“Every little girl, at some point, has to grow up and become a big girl.”

Having confessed to needing to change my narratives, I’ll also confess the reason I’m still all over the place, emotionally and mentally, about being home. I write this in my new room that I acknowledge as my (new) room yet not, in a house I grew up in – the only physical home I’ve known before home morphs itself into a concept – surrounded by family members who are out to love and kill each other depending on the weather and mood and flurry of activities of the day.

I write this in the midst of changes and stagnancy, in between becoming and being.

I think my problem is that because I have lived for the past six years on a constant and fixed timeline, mentally counting down to the start of a new quarter and then its end followed by the breaks and summers and springs and- you get what I mean. For the past six years, not only did I live only for myself, I rewired my mental and personal clock, dividing life into a series of time blocks which I freely filled with narratives.

What happens when chaos, void of structure, is now the new narratives?

I think herein lies my problem: even though I know and understand I’m home for good – in my head, this isn’t forever. For good for good for good – it just doesn’t fucking register. In my head, I’m packing up soon enough and out the door yet again. In my head, this isn’t settling. So while I’ve physically unpacked, I find it difficult, extremely challenging, to emotionally and mentally unpack. I sit in this room that will, if I end up working in the capital, be home for good. Yet I sit in this room feeling like I’m still on borrowed time seeking temporary solace like always. I’m here, but how would I know for how long?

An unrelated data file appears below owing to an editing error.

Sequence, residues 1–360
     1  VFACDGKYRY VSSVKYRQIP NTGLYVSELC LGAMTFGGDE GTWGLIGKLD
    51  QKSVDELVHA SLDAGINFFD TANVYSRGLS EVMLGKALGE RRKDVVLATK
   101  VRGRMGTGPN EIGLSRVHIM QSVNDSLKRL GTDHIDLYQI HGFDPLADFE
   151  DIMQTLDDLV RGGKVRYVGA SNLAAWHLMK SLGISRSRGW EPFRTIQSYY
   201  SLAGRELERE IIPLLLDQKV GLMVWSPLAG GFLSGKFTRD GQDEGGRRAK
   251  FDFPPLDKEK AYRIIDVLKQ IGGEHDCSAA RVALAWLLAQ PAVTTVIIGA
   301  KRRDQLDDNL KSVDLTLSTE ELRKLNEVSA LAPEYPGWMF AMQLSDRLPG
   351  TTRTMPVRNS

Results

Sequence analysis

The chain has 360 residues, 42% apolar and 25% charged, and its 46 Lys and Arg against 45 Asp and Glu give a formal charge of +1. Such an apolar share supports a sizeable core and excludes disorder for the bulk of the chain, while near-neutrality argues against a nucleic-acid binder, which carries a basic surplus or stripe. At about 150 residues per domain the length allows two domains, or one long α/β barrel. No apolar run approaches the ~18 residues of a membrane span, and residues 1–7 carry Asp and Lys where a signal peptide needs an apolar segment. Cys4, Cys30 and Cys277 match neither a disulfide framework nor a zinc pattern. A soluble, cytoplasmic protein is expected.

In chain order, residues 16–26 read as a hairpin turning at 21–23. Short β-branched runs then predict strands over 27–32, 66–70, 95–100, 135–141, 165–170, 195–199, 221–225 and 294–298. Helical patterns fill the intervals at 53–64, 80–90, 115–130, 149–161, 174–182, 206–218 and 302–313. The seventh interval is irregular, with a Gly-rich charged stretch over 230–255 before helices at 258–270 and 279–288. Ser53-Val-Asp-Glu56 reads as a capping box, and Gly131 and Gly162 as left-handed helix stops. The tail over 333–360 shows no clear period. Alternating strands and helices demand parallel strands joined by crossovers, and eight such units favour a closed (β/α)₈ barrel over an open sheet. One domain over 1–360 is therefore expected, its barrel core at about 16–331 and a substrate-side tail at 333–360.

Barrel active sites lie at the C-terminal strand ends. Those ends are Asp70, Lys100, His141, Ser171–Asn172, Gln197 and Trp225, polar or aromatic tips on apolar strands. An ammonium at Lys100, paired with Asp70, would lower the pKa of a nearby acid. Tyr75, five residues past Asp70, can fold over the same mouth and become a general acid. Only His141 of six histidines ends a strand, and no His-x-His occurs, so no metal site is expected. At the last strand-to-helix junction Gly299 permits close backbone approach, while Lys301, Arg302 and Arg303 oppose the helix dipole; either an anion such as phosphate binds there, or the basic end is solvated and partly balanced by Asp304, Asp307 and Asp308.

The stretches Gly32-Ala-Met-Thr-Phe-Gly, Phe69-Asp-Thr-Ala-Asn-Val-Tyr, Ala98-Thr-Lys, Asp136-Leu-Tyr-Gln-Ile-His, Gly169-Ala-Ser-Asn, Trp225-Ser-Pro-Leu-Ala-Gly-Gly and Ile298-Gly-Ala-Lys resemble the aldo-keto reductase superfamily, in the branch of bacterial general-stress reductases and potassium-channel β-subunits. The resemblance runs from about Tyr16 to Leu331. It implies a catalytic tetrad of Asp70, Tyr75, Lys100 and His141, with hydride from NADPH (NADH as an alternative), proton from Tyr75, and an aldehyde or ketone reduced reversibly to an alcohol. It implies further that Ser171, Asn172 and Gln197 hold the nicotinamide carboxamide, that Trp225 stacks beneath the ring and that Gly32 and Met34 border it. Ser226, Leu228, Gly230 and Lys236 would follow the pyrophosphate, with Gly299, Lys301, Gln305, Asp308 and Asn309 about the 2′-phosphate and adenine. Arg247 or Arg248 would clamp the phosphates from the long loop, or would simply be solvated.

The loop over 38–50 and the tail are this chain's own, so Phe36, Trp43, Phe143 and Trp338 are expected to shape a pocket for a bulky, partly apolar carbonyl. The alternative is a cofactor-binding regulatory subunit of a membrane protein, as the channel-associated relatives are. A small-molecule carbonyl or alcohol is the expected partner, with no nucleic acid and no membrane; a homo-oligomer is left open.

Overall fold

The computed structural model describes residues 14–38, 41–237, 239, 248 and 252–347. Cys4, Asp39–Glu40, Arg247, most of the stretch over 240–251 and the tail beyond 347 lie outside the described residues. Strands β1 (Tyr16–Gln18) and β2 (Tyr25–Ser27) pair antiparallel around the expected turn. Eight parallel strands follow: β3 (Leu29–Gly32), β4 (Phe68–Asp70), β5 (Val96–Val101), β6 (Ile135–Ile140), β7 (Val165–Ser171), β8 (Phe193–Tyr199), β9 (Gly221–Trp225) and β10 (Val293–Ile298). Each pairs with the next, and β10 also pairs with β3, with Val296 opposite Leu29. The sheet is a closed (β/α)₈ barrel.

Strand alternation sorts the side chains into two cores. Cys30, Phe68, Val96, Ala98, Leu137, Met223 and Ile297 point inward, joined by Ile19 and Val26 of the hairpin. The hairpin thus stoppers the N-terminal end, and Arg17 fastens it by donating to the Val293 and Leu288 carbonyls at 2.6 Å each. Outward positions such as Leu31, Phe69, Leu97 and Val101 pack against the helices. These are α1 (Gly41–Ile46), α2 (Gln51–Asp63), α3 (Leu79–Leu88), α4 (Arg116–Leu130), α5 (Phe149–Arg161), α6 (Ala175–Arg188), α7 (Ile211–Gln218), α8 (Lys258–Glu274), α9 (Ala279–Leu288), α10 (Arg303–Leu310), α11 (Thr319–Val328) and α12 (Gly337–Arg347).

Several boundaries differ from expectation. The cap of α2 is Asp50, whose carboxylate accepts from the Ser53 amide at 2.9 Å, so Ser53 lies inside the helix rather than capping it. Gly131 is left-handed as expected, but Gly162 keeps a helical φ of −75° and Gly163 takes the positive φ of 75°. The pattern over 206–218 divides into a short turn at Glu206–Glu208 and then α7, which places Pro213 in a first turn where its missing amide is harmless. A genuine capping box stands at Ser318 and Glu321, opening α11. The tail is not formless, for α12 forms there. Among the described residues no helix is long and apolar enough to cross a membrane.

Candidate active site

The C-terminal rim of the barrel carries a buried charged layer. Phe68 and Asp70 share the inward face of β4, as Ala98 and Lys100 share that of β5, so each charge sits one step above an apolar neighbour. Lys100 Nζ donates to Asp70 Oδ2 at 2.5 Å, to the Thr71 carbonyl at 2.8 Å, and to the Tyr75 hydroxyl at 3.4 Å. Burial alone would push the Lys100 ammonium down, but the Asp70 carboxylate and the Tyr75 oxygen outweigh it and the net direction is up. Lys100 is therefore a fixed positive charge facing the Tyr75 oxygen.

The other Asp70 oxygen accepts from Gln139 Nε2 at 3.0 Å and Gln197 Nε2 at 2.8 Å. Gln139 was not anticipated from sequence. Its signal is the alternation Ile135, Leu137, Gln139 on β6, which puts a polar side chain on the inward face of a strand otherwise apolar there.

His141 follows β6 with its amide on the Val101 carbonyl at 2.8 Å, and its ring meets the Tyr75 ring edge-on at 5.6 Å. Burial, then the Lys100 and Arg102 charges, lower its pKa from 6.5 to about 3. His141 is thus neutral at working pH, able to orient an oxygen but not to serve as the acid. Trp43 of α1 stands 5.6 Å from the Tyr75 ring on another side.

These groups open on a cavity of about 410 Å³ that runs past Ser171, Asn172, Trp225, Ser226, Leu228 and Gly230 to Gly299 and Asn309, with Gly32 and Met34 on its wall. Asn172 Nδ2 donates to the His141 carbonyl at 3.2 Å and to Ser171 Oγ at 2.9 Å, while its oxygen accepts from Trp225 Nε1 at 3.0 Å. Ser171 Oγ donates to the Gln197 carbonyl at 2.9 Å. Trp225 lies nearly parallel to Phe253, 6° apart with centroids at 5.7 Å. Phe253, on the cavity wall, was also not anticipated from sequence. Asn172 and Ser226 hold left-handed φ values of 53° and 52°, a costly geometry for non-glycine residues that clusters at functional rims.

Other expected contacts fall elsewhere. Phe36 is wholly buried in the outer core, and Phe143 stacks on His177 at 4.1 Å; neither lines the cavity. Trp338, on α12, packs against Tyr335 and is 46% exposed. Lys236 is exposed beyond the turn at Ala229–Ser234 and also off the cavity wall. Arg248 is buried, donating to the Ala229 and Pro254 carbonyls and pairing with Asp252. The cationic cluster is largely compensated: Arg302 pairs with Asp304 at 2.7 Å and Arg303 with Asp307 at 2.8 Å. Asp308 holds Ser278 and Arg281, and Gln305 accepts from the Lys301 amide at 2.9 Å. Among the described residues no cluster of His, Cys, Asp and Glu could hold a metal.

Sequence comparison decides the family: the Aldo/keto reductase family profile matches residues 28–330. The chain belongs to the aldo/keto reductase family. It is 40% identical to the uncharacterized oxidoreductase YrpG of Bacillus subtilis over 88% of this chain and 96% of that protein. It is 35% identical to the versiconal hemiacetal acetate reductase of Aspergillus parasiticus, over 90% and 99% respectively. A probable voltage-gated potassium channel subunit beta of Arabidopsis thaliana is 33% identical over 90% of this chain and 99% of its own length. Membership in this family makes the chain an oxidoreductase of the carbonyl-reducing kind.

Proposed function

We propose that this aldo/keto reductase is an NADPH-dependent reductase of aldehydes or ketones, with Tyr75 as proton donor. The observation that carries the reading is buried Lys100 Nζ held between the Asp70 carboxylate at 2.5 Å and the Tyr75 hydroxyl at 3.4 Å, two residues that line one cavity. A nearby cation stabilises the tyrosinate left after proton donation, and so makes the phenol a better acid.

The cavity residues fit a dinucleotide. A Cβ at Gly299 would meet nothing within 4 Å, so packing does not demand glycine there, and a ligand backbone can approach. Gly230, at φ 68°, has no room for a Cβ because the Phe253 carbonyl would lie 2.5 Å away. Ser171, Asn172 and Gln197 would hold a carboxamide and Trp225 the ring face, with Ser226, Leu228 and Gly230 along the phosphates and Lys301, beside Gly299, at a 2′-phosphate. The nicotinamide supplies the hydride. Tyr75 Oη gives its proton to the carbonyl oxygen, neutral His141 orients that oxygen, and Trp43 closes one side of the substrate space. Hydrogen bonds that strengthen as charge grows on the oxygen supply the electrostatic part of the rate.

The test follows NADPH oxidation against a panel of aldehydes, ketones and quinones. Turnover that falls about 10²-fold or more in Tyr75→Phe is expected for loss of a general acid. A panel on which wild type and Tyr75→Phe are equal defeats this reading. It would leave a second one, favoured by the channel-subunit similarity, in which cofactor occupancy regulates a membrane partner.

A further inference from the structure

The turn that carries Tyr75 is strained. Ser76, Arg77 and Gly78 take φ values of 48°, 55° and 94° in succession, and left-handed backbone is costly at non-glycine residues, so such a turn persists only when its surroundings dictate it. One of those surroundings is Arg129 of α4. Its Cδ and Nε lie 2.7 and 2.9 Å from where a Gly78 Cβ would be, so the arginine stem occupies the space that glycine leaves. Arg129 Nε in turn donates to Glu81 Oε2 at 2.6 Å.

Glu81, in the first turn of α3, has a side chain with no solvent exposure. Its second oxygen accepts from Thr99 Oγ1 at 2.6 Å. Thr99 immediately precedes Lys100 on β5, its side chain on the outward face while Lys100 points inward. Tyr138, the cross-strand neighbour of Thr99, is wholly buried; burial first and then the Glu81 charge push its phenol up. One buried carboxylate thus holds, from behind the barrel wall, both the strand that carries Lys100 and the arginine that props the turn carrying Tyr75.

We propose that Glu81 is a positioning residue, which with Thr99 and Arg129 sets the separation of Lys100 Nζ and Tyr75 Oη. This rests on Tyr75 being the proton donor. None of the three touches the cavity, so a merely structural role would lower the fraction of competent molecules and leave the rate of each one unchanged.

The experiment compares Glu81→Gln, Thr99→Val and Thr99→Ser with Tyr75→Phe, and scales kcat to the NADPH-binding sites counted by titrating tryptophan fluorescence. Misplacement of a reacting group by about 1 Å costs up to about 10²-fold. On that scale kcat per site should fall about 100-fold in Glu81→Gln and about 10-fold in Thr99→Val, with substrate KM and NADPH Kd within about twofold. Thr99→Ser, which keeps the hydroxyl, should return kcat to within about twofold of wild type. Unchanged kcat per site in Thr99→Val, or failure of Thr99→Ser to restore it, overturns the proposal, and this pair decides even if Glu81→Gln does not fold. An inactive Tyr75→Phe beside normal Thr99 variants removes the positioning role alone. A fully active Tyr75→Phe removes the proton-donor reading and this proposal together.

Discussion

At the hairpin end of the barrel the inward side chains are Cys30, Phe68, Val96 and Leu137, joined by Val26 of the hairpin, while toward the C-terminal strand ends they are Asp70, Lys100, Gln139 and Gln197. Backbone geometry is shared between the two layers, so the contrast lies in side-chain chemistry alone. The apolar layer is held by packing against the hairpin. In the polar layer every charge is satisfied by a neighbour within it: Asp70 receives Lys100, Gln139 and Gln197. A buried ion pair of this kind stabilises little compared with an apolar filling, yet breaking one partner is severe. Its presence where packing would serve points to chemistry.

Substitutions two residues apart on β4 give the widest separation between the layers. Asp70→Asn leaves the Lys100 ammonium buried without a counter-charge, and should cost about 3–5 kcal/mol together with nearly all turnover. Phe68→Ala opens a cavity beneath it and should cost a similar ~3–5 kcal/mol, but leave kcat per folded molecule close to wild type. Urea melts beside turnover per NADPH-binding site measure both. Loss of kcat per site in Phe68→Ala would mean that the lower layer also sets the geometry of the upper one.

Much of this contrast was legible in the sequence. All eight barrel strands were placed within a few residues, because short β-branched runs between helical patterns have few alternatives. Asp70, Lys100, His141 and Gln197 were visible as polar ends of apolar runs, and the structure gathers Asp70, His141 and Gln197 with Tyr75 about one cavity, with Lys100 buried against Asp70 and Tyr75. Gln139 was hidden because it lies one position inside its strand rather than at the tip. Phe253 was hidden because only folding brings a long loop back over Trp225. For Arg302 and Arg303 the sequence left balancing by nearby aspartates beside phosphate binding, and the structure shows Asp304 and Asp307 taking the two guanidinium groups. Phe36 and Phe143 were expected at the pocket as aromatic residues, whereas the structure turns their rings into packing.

Right now, time seems to move too fast yet it also feels like just another summer break. I’m home for three months to chill and have fun – then I’m out again. I begin again (and again and again) depending where I am. So much has taken place over the past two weeks yet nothing seems any different. What is this ridiculous paradox?

I’m trying to figure this out myself.


How long am I going to stand still like a fool while the world continues to move in motion all around me? How long am I going to deny myself the reality in which I live in, this home that is and will be home again? How long do I run away, physically and figuratively in my mind, recreating narratives over and over to ease myself?

How long do I stay a girl, in conflict and in denial with the expectations of being woman?

The world is unforgiving, it neither relents nor gives in just because I’m in pain.

I look at my three year-old niece, who I’ve been babysitting five days a week, and I catch her internal, unvoiced struggles in adapting to the fact she’s no longer the only child; now dethroned from her crown and having to share her castle. This new baby, her little brother, is out creating chaos in a world she’s dominated for a long time. She seeks out my sister, her mummy, in the most adorable and heartbreaking way; first in denial, then in quiet wanting – “I want to be a baby” – and now in dignified acceptance. At last, she plays along to the role of older sister, remembering his name and learning to love.

I look at her and I think, she’s got it right;

every little girl, at some point, has to grow up and become a big girl.

(and every big girl needs to grow up and become a bigger person)


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